Adding touch of color with Ukrainian dyeing craft Pysanky

The Yomiuri Shimbun
Pysanky, a traditional Ukrainian craft, feature attractive patterns depicted on eggshells.

Pysanky are traditional Ukrainian Easter eggs, easily recognizable from their eye-catching colorful motifs meticulously wrought on the shells. They are beautiful ornaments that can be used to decorate a room to create an exotic atmosphere.

A pysanka (the singular for pysanky) is made using a unique wax-dye technique. Patterns are drawn on each egg with beeswax before being dyed.

“A pysanka has warmth as it is hand-made,” said Natsumi Iino, a pysanka artist who also works with ceramics.

Iino usually uses chicken eggs, which are easily available. For larger, more robust creations, she sometimes uses ostrich eggs.

Iino explained the process of making a pysanka using a chicken egg.

First, make a 3 millimeter hole to remove the insides of the egg.

Next, use a pencil to lightly draw the design on the eggshell. Draw lines horizontally and vertically to divide the surface into sections, and then draw a pattern in each section.

Heat the tip of a kistka, a special pen-like device that uses beeswax, and trace the pencil-drawn lines to ensure they are not dyed in the next step. Keep the kistka tip in contact with the egg still while moving the egg.

Then, dip the egg in a solution containing a chemical dye used to decorate pysanky. The patterns drawn with the beeswax from the kistka will repel the dye to show the outlines.

People in the past used natural dyes made from onion skins, tree bark and berries. These naturally create warm colors, such as red, yellow and brown, so pysanky would usually be seen in these colors, according to Iino.

Repeat the process with new patterns and other colors. The beeswax will help to separate the colors on the shell. To finish, warm the surface with fire to melt the beeswax and remove it with a cloth.

“I’m so excited and happy when I remove the beeswax to see how the patterns in various colors look,” Iino said.

The Yomiuri Shimbun
A pattern is drawn on an eggshell with a kistka, taking great care not to break the surface.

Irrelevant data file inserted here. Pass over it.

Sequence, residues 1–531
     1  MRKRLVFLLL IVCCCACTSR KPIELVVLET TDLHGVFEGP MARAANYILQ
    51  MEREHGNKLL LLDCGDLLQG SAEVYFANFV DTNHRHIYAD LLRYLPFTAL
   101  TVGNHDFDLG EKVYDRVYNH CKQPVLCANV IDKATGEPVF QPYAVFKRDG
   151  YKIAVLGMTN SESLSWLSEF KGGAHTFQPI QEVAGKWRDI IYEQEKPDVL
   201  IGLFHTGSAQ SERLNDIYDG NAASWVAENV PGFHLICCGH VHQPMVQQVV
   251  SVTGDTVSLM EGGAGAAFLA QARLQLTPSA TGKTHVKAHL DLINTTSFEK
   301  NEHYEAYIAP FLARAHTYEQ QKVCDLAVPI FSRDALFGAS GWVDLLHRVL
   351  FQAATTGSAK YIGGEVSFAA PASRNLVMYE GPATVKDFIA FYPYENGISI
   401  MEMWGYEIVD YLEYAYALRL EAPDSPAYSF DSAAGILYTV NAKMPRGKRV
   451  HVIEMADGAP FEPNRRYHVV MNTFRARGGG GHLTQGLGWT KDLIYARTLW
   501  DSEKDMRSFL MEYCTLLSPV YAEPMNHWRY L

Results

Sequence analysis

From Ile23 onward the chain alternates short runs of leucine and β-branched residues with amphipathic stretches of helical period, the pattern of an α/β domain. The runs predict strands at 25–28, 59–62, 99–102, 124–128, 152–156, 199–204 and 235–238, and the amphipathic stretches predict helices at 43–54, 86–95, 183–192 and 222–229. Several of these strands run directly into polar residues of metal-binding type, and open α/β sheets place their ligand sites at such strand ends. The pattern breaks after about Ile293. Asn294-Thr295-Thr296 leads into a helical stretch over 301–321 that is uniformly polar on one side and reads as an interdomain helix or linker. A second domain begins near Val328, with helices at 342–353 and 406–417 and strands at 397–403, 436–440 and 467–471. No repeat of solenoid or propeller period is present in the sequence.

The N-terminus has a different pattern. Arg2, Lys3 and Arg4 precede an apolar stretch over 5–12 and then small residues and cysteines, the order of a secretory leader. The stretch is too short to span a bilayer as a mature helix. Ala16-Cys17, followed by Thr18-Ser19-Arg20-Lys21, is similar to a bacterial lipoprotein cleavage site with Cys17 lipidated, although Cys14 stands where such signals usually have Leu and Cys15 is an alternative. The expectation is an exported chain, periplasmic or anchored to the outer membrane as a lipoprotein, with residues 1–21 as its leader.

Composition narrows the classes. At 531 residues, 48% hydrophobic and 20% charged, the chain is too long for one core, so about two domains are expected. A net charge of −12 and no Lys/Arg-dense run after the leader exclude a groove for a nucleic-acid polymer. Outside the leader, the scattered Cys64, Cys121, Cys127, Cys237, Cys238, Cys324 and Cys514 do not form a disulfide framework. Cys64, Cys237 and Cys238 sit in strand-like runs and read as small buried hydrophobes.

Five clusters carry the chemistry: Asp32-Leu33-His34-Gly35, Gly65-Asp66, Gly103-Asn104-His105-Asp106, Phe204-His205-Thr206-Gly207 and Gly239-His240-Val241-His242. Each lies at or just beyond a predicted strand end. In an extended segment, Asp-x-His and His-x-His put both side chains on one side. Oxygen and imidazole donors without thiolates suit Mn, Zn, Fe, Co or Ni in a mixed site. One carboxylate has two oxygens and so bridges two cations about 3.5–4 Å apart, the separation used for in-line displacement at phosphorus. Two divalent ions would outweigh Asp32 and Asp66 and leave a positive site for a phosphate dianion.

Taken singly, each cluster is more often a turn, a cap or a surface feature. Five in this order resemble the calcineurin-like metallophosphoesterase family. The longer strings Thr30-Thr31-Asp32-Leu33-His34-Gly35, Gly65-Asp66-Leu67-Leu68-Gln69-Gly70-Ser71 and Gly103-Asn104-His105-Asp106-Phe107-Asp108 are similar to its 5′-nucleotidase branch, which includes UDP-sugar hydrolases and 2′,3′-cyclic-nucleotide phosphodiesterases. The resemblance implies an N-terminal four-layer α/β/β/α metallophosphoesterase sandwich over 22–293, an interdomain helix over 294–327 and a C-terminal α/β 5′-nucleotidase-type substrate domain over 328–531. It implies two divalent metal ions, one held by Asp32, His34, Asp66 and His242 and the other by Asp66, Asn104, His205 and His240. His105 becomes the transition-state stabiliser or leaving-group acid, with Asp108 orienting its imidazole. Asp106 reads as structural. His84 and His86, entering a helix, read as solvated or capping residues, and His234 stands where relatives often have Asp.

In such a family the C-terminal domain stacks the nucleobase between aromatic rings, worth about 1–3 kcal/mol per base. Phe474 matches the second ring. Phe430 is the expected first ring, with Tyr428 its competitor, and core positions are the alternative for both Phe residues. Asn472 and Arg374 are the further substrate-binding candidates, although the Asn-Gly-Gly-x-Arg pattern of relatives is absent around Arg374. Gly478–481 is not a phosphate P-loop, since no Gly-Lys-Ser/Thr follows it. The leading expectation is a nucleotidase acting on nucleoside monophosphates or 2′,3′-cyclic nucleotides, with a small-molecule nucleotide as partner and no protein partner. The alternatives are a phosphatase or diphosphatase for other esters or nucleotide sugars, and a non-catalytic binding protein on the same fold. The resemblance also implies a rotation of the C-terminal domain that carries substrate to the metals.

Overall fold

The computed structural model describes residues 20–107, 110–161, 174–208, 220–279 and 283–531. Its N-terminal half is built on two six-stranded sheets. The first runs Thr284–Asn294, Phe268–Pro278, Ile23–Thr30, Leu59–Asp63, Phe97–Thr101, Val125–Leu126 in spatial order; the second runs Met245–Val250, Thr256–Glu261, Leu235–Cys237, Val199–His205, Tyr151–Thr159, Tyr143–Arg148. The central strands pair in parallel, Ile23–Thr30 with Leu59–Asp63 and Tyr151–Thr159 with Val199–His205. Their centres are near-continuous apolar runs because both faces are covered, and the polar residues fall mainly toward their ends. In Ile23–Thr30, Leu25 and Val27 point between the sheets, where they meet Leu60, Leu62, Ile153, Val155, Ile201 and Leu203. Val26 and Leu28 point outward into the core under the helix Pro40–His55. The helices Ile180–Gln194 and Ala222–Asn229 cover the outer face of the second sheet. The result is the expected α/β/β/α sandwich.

Traditional patterns on pysanky have unique meanings.

According to Iino, flowers symbolize beauty, while deer, horses and rams represent strength and leadership. The butterfly is said to be a symbol of resurrection. The sun represents vitality, and wheat represents a bountiful harvest.

A native of Kanagawa Prefecture, Iino was born in 1983. She saw pysanky in a book for the first time when she was 15 and became interested in the art. She has been making pysanky for more than 20 years after learning how to do it by herself.

After graduating from Musashino Art University, Iino has been active as a ceramic artist while holding pysanka classes. She went to Ukraine in 2011 and visited a museum dedicated to the art.

“Pysanky are interesting as we use our own ideas to have a good time on the small surface area of an eggshell,” she said. “I hope people will become interested in Ukraine through pysanky.”

The Yomiuri Shimbun
An ostrich egg, left, and a chicken egg. Iino sometimes uses ostrich eggs, which are larger and more robust than chicken eggs.

Pysanka eggshell fragments add beauty to buttons, brooches

Pysanky eggs are traditionally placed near the front door of a house as good-luck charms.

Iino also makes other pysanka items such as buttons and brooches using fragments from ostrich eggshells. These are items that she designed herself, bringing the charm of pysanka to a wider audience.

At Craft Studio Karakusa, Iino gives pysanka lessons about three times a month. She also makes YouTube videos explaining the process.

“You can make pysanky at home as a hobby. I hope more people will enjoy it,” Iino said. Kistka and dyes are available at her studio. More information is available on the studio’s website:

The Yomiuri Shimbun
Original pysanka buttons, which can also be used as brooches, designed by Iino